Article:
Frankfurt-am-Main in Germany would seem the very antithesis of the sacred. Oversized skyscrapers dominate the town as nowhere else in Europe. Thanks to the area bombing of the Second World War and the activities of postwar speculators, there is precious little evidence of the past. A crowd of every language, race and nationality swarms on the mall-like main shopping street. At night, however, the high-rise financial district lies deserted just like most US downtowns. What would otherwise be a pleasant, medium-sized European commercial city seems crushed under the weight of an impersonal modernity.
Yet, slightly off the beaten track and on either side of the Main River are astonishing Catholic churches, isolated witnesses to a more glorious past. For it was in Frankfurt that the German kings and the Emperors of the Holy Roman Empire were elected. After 1560, they were crowned here as well. Indeed, Frankfurt owes its very origin to its status as a possession of the Carolingian Emperors and before that, perhaps, of the Merovingians as well.
St Leonhard is remarkably well preserved, having survived World War II with very little damage. Emperor Frederick II founded this church in 1219, in connection with his vow to go on Crusade – a commitment that soon brought him much grief from the papacy.
Inside, enclosed by later late medieval construction, are two Romanesque portals dating to the era of its foundation. One, of 1220, shows St. James and two pilgrims – this church also served as a departure point for pilgrims to Santiago. Indeed, this church has it its patron the patron saint of one of the main French stations of the pilgrimage route to Santiago: St.Leonard-de-Noblat.
The other portal of 1230 depicts various saints – including St. George, associated with the Crusades. St. George kneels, clad in the armor of a Crusader.
One is overcome by awe when contemplating these ancient ,hidden images while reflecting on the traffic, skyscrapers and global capitalism so near at hand. For when these portals were carved, St. Francis of Assisi, St. Clare, St. Elizabeth, St. Dominic and so may others walked the earth, the Cathedral of Chartres was rising, Christian knights were battling the infidel in Spain, in Prussia and in the Holy Land. Now all is quiet here – one can count the number of visitors, whether tourists or faithful, on one hand.
Later, between 1400 and 1520, St. Leonhard was mostly rebuilt and greatly expanded in an elaborate late gothic style. By then, Frankfurt was a large, prosperous city.
On windows and on carved stones the donors left their mark – like Dr. Stork (Storch) and his wife Mrs. Frog (Froschin). Much lovely glass, stone and metalwork survives from that era.
The original altars and statuary, however, were mostly lost in the Protestant reformation, the adaptation of the church to baroque tastes and subsequent damage by the French armies after 1792. As part of a little known yet remarkable 19th century restoration initiative, Fr. Ernst Franz Muenzenberger, the rector of the church of St Bartholomew, furnished this and other Frankfurt churches with magnificent altars, some newly carved or painted, some purchased and some a mixture of old and new elements. Much of the present appearance of St. Leonhard is due to him.
It is in this magnificent setting that the Frankfurt Traditional mass community celebrates what is called here variously the “Tridentine” or the “classical Roman” liturgy. Traditional Mass Community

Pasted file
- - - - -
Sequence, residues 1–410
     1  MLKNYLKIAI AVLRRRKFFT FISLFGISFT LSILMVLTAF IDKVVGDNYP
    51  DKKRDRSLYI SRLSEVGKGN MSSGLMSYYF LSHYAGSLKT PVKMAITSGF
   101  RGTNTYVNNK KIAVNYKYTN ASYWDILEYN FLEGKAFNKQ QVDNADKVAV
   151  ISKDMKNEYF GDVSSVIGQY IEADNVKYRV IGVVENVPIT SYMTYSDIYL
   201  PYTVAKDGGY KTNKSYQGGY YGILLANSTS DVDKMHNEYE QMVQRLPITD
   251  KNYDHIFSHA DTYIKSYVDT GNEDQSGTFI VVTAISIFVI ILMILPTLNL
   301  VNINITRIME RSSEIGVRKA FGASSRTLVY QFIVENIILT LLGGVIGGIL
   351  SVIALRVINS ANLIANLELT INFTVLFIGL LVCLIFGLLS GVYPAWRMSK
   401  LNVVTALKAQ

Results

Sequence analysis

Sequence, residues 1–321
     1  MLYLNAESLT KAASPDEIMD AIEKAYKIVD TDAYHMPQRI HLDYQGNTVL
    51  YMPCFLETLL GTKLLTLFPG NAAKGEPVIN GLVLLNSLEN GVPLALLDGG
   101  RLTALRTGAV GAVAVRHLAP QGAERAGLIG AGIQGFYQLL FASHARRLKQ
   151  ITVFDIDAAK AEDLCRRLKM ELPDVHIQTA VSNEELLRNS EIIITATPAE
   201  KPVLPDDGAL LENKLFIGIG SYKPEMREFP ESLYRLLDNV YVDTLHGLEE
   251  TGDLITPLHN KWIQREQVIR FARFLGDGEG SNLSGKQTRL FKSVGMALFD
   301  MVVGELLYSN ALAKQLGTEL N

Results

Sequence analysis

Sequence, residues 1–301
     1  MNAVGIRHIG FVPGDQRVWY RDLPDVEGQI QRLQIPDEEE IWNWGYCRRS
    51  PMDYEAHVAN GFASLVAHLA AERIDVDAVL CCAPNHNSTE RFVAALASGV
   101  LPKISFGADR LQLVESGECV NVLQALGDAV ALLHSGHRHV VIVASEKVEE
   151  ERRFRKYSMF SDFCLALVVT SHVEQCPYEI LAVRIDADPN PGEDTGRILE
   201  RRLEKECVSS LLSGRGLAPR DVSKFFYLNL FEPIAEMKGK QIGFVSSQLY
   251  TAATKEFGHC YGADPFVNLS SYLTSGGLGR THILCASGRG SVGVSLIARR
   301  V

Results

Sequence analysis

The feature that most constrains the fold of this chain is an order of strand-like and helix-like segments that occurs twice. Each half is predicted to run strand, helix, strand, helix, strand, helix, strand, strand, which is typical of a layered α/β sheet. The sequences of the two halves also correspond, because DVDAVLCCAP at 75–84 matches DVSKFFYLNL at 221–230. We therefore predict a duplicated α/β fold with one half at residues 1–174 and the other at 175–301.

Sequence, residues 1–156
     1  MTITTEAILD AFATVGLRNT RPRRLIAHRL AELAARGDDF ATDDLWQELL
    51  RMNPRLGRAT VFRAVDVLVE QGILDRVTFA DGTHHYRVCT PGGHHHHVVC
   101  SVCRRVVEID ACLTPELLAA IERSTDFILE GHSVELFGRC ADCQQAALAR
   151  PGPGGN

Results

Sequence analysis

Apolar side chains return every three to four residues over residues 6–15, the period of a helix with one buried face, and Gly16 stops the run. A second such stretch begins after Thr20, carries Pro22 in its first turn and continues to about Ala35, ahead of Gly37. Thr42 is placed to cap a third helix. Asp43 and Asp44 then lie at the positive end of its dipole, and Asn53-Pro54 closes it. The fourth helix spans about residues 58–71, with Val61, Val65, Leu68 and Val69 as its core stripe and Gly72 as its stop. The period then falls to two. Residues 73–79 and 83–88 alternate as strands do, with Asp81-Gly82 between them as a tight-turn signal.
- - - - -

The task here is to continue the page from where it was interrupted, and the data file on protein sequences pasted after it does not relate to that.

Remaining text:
Can we forget to mention that Martin Mosebach, who has done more than anyone else has in recent years to promote the restoration of the Traditional liturgy in Germany and the world, hails from Frankfurt?
St. Bartholomew, the “Cathedral” of Frankfurt (it has never been the seat of a bishop) is a much older foundation and a more splendid church. Like St. Leonhard’s and several other major Frankfurt churches, St. Bartholomew’s was eventually preserved for Catholic worship through the influence of the Holy Roman Emperors and of the nearby Prince-bishops of Mainz. Sadly, in contrast to St. Leonhard, St. Bartholomew’s suffered great damage by fire in 1867 and by bombing in 1944. Much of the original atmosphere has been irreparably lost. Piped-in music and horrendous modern art does not help.
Yet many original sculptures, tombstones, paintings as well as Fr. E.F. Muenzenberger’s magnificent altars do survive. Some 19th century frescoes in the style of the Nazarenes tell of the great days of the empire.
To the side of the sanctuary is the very chapel where the Holy Roman Emperors were elected. Later, after the Protestant Reformation and until 1792, the Emperors were crowned in St. Bartholomew’s as well. The very tower of this church features a “cap” reminiscent of the crown of the Holy Roman Empire.
The Cathedral museum preserves an amazing number of original vestments and precious liturgical artwork of St. Bartholomew, St Leonhard, and other Frankfurt churches. There is a chasuble worked in needlepoint by a princess – the wife of a prince-elector of the Holy Roman Empire.
Two great candlesticks from St. Leonhard dating to 1480 acquired four smaller companions in the 16th century. For it was then that the “Tridentine” liturgy was adopted which prescribed six candles for solemn masses.
A magnificent 18th century monstrance was curiously altered in the 19th century – a crown was substituted for the original Trinitarian eye of God, which was now felt to be “Masonic.”
Yes, it is a shock to turn from these wonders from the past and confront once again the “modern world” so stridently in evidence in Frankfurt. The Holy Roman Empire, the Crusades and even Christianity itself seem to belong to a dead age. Yet the “new beginning” after Summorum Pontificum of the Traditional Mass in St. Leonhard’s shows that it is far too early to declare absolute victory for modernity. To quote a much later historical figure but in the spirit of the 13th century Crusaders: we have not yet begun to fight….